What changed from there? (What actions did you take, truths did you discover, or community did you connect with to help you find freedom)?
I started paying attention to my thoughts (like the idea that I was joy-immune) and checking to see if they agreed with what God said in Scripture. If they did not, then I recognized them for the lie they were and refuted them with the truth in Scripture (like the verse, “although weeping may last for the night, His joy comes in the morning”). It all began with one Scripture that I scribbled on a post-it note and hung from my home IV. And then when God gave me another truth to refute another lie, I wrote that on a post-it note and put it on my bathroom mirror. Every time I saw those post-it notes, I recited them out loud because “Faith comes by hearing, and hearing by the word of God.” By the end, I had over 100 scriptures on post-it notes everywhere from my light switch to the dashboard of my car.
What a powerful image with all of the post-it notes. Talk about visible reminders of Truth!
Tell me about your life of freedom. What does it look like for you now?
Learning to refute the lies with God’s truth changed everything for me. It helped heal my body physically and mentally. It changed how I guide patients in my own private practice. It changed how I interacted with my children, my husband, my family and my friends. I still strive to do my best, but I don’t beat myself up when I fail. Instead, I recognize that Jesus came BECAUSE of my imperfection. If I had been perfect, I’d have no need for a perfect Savior. It allows me to extend more grace to others as well.
Do you still wrestle with those old struggles? What do you do on those days to fight for your freedom?
Sure I still struggle, because the enemy always returns to our weakest points. But I struggle much less than I used to. I have a few friends who have permission to speak truth into my life. Every once in a while, one will bring to my attention an area that they perceive I might be believing a lie, and encourage me to seek the truth.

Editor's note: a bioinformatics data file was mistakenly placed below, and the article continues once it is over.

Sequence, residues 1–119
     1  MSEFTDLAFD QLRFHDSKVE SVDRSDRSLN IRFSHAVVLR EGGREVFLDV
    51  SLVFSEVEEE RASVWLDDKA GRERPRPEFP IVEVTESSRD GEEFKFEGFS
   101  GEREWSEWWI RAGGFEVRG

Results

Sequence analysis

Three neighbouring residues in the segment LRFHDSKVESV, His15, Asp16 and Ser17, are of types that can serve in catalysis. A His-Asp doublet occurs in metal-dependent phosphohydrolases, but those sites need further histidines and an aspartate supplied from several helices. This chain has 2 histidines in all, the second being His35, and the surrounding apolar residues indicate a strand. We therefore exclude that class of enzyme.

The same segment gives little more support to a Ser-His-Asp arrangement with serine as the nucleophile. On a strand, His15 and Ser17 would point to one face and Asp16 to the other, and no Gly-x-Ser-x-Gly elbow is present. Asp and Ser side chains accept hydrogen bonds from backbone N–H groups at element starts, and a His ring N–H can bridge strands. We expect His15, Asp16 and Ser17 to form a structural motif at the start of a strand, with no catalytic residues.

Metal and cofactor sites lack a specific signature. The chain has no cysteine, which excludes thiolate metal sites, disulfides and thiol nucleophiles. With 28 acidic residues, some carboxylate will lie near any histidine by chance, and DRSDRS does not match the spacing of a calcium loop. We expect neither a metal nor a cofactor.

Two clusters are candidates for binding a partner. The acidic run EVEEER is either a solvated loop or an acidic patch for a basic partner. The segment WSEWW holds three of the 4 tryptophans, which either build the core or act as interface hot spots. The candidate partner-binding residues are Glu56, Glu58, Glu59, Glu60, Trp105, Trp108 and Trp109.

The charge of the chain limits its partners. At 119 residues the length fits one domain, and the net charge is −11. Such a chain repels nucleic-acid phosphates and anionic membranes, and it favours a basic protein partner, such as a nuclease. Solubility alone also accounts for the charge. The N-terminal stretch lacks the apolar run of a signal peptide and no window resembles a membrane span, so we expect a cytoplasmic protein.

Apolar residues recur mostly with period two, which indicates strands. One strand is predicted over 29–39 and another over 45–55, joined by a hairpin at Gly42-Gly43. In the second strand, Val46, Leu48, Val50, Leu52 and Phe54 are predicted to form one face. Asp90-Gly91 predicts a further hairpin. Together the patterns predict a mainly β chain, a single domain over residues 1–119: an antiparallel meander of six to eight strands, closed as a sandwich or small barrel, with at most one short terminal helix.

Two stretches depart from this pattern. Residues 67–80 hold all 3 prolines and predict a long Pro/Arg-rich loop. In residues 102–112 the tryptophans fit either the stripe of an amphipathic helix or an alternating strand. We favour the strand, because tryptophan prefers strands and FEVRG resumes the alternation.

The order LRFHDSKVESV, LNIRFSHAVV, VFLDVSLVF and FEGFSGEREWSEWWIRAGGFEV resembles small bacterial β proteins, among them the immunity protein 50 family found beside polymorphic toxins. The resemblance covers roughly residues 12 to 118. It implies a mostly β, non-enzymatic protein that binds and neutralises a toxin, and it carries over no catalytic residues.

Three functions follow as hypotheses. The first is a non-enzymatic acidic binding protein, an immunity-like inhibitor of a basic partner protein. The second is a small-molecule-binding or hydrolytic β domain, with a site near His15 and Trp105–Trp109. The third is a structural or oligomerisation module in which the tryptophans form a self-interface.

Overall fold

Are there any key scriptures, quotes, or books that have been helpful for you on your journey into freedom?
My life verse is Jeremiah 29:11, and the cornerstone for my first two books (“Hope Prevails: Insights From a Doctor’s Personal Journey Through Depression” and the “Hope Prevails Bible Study”), which says, “For I know the plans I have for you,” declares the Lord. “Plans to prosper you and not to harm you, plans for a future and a hope.” This verse has carried me through my husband having been diagnosed with three different kinds of cancer, through job loss, through my son going off to college, and my own cancer diagnosis. As long as He is still on His throne, #HopePrevails!
I love that hashtag– I’ll have to start using it as a reminder to myself too. I also really can’t wait to read your book! Okay, last, because I am a big believer that gratitude lists help us remain present and fight our battles, tell me three things you’re grateful for right now.
I am grateful that God sees and knows our needs even before we do, and has brought praying Christian brothers and sisters along to pray me through treatment for cancer. I am grateful that God never wastes our pain, and in fact, works all things together for our good and for His glory. I am grateful that God has given me the opportunity to speak and write about the trials I have faced and overcome with His help, in order to help others on their journey—that, to me, is beauty for ashes.
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Dr. Michelle Bengtson is an international speaker, and the author of the bestselling, award winning “Hope Prevails: Insights From A Doctor’s Personal Journey Through Depression” and the award winning companion “Hope Prevails Bible Study” and the soon to be released “Breaking Anxiety’s Grip: How to Reclaim the Peace God Promises” (Sept 2019). She has been a neuropsychologist for more than twenty years, and is now in private practice in Southlake, Texas where she evaluates, diagnoses, and treats children and adults with a variety of medical and mental health disorders. This doctor knows pain and despair firsthand and combines her professional expertise and personal experience with her faith to address her patients’ issues, both for those who suffer and the ones who care for them.
Using sound practical tools, she affirms worth and encourages faith. Dr. Bengtson offers hope as a key to unlock joy and relief—even in the middle of the storm. She and her husband of thirty years have two teenage sons and reside in the Dallas/Ft. Worth area. She blogs regularly on her own site: www.DrMichelleBengtson.com.